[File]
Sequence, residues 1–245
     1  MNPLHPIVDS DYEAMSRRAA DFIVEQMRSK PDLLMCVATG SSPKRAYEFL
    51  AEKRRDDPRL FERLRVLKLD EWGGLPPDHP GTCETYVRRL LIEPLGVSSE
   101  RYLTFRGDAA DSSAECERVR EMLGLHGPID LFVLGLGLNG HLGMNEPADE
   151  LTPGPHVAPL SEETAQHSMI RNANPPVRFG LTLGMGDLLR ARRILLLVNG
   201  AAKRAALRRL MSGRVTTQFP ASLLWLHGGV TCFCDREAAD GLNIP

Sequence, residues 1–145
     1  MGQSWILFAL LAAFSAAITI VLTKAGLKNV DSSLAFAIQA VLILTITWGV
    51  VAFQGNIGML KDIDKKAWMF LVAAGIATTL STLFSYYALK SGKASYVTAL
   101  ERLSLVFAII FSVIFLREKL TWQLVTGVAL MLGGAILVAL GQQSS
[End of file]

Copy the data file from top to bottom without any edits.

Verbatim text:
Sequence, residues 1–245
     1  MNPLHPIVDS DYEAMSRRAA DFIVEQMRSK PDLLMCVATG SSPKRAYEFL
    51  AEKRRDDPRL FERLRVLKLD EWGGLPPDHP GTCETYVRRL LIEPLGVSSE
   101  RYLTFRGDAA DSSAECERVR EMLGLHGPID LFVLGLGLNG HLGMNEPADE
   151  LTPGPHVAPL SEETAQHSMI RNANPPVRFG LTLGMGDLLR ARRILLLVNG
   201  AAKRAALRRL MSGRVTTQFP ASLLWLHGGV TCFCDREAAD GLNIP

Sequence, residues 1–145
     1  MGQSWILFAL LAAFSAAITI VLTKAGLKNV DSSLAFAIQA VLILTITWGV
    51  VAFQGNIGML KDIDKKAWMF LVAAGIATTL STLFSYYALK SGKASYVTAL
   101  ERLSLVFAII FSVIFLREKL TWQLVTGVAL MLGGAILVAL GQQSS